HomeAnalysisPublic confidence in Zimdollar keeps waning, no end in sight

Public confidence in Zimdollar keeps waning, no end in sight

BY KUDZAI KUWAZA

THE revelation by Reserve Bank of Zimbabwe (RBZ) governor John Mangudya that the widening gap between the official and parallel foreign currency exchange rates is due to locals preferring the greenback over the local currency as a store of value shows the continued public confidence deficit in the Zimbabwean dollar, which has been worsened by policy flip flops.

The remarks by Mangudya at a Mid-Term Monetary Policy review webinar hosted by the Zimbabwe Independent on Friday last week, come at a time the parallel market rate has shot up to around ZW$160 to the United States dollar, which is almost double the official rate of US$1:ZW$85.

It is not surprising given that Zimbabweans have endured the brunt of the devastating impact of hyperinflation twice in a period of 11 years as a result of the local unit.

In 2008, during the tenure of Gideon Gono as central bank governor, the country experienced its worst bout of hyperinflation which rendered pensions and incomes in the local currency worthless.

The hyperinflation of that period, which was caused by excessive printing of money, also resulted in heightened levels of poverty and empty shelves with basic goods sold outside the formal channels.

So devastating was the hyperinflation that the local currency was demonetised leading to the introduction of the multi-currency regime in 2009 which allowed the use of a basket of currencies such as the US dollar and the South African rand which brought some level of stability. Zimbabweans, however, had by then lost life savings that have never been recovered.

However, the multi-currency regime which persisted throughout the government of national unity, an uneasy power-sharing agreement between the then late president Robert Mugabe, the late Movement for Democratic of Change founding leader Morgan Tsvangirai and leader of a splinter MDC grouping Arthur Mutambara as a result of the disputed 2008 elections, hit turbulence after the 2013 harmonised elections, which were won by Mugabe and Zanu PF.

In 2016, the RBZ introduced bond notes as mainly an export incentive pegged at parity with the US dollar amid widespread outrage by a public who still had fresh memories of the massive losses incurred during the Zimbabwe dollar era.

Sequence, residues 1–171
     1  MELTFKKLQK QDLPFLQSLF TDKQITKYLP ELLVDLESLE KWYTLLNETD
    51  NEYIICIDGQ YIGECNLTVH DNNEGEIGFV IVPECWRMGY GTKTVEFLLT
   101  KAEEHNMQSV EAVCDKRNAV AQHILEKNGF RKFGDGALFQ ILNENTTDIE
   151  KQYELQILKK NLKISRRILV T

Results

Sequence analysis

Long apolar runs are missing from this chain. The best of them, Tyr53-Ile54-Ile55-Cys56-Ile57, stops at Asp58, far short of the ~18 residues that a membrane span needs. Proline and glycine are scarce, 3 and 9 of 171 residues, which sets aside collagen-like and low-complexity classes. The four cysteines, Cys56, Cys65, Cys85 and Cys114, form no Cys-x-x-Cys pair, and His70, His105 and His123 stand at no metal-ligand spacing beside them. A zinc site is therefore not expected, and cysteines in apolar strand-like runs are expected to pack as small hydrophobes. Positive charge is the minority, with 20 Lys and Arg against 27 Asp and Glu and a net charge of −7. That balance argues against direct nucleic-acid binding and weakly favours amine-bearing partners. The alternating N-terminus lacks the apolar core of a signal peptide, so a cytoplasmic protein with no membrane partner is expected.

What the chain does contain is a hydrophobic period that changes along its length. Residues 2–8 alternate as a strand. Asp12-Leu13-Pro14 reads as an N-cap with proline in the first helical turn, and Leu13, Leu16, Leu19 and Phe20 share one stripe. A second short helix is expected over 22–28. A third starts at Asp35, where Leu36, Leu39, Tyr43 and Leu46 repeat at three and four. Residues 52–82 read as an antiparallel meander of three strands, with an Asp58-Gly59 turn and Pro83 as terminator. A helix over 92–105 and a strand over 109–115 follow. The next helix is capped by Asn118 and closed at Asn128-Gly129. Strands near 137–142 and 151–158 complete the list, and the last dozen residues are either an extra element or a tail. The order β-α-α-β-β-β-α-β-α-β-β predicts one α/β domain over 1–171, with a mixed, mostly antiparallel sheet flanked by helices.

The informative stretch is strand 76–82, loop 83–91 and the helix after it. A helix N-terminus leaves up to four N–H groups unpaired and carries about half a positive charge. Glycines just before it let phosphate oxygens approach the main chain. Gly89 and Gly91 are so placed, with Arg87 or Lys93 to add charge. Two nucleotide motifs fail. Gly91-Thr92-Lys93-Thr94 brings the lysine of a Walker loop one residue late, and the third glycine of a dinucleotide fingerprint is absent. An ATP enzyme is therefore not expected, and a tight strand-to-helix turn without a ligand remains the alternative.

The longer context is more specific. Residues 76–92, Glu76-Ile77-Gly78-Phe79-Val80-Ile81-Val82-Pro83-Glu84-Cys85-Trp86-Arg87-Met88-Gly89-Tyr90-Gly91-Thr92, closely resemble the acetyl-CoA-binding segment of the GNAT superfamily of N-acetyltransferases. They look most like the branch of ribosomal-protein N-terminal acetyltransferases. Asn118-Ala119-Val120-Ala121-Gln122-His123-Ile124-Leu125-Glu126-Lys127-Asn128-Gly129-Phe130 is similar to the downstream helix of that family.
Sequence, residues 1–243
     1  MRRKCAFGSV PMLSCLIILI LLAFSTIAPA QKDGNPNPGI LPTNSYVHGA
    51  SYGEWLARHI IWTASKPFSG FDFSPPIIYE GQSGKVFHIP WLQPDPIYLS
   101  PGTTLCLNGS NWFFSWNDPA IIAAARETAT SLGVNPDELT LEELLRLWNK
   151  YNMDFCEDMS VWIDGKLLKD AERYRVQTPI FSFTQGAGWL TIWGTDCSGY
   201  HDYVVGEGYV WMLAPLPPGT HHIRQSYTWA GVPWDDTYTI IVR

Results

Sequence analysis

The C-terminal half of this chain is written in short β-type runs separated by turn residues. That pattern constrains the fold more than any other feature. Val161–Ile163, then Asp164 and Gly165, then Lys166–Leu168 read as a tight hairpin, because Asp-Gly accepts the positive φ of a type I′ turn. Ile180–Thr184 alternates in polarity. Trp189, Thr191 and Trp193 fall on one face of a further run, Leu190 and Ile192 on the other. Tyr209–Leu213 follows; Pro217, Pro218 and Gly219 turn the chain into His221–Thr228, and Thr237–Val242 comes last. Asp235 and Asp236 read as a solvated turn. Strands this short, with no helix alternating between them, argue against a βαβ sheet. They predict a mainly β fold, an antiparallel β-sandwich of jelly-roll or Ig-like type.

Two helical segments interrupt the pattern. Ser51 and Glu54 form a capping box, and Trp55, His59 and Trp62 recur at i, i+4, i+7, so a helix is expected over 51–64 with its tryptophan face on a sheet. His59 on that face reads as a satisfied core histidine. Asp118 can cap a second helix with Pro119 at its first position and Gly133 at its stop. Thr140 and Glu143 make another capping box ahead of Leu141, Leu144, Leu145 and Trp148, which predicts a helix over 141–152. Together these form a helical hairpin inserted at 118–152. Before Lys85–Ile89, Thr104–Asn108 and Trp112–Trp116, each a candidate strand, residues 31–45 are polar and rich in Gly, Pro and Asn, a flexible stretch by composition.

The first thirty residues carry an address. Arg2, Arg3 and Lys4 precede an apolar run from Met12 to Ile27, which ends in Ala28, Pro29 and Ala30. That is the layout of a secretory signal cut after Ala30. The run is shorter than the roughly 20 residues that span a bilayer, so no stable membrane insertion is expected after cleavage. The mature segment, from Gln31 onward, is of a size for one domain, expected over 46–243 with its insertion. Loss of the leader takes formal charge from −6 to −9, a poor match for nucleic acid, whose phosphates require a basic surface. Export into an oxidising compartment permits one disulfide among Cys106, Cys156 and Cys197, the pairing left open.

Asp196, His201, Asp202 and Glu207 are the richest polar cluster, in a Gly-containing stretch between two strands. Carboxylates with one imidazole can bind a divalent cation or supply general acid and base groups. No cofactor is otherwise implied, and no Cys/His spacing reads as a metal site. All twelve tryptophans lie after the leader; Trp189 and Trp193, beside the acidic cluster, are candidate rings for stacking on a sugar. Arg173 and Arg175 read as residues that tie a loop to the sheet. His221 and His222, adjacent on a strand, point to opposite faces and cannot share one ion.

Mangudya, who had taken over from Gono, said the bond notes would be traded alternatively with the greenback and improve the availability of cash.

But the reviled bond notes began to trade at a substantive discount on the parallel market as the foreign currency crisis deepened.

The RBZ did nothing to ease the cash shortages that had characterised the markets. Long winding bank queues became a common feature countrywide further dissipating public confidence.

However, in October 2018 after Emmerson Mnangagwa succeeded Mugabe, Mthuli Ncube, who had been just appointed Finance minister, announced that banks had been directed to separate foreign currency accounts and bond note deposits, a tacit admission that the local currency was undermining the value of foreign currency deposits and a vindication of the transacting public who had vigorously resisted the introduction of the fiat currency.

This has created distortions in the market.

It will take concrete action by the government to restore confidence in the local currency, according to business consultant Simon Kayereka.

“There are serious trust issues between the RBZ and the people,” he said. “Our money is being eroded daily. There are serious price distortions as a result of our triple pricing system. The US dollar is a good store of value because it does not depreciate. Unless these issues are addressed, I do not see this trust being restored.”

The government faces a herculean task to restore trust in the local unit according to economist Prosper Chitambara.

“It is a huge challenge for the government to restore the confidence of the public in the local currency,” Chitambara said. “It is not an ideal situation. Although inflation has slowed down it still remains high.”

He said there is need for institutional, structural and political reforms if the trust in the local currency is to be restored.

Confidence in the local unit took a turn for the worse when Mnangagwa’s government banned the use of the multi-currency regime and introduced the Zimdollar as the sole legal tender through Statutory Instrument 142 of 2019.

This was done despite the lack of vital benchmarks pivotal to its reintroduction.

This includes attaining a sustainable GDP growth rate of at least 7%, low and stable inflation, reducing the high debt ratio to low and sustainable levels, increasing the level of savings and investments to at least 25% of GDP and at least six months import cover.

The local unit rapidly lost value resulting in the erosion of pensions and incomes denominated in the local unit. This resulted in numerous strikes by workers among them health workers and nurses as they pressed to be paid in foreign currency.

Even the retail sector was not spared as they reeled from a major reduction in sales volumes as a result of shrinking disposable income. Annual inflation shot to more than 800% in July last year as hyperinflation wreaked havoc on the economy for the second time in 11 years.

Government made a major climb down by allowing the use of the US dollar for domestic transactions initially as a measure to ameliorate the impact of the Covid-19 pandemic in March last year. The introduction of the foreign currency auction in June last year has helped reduce the annual inflation rate to just over 56%.

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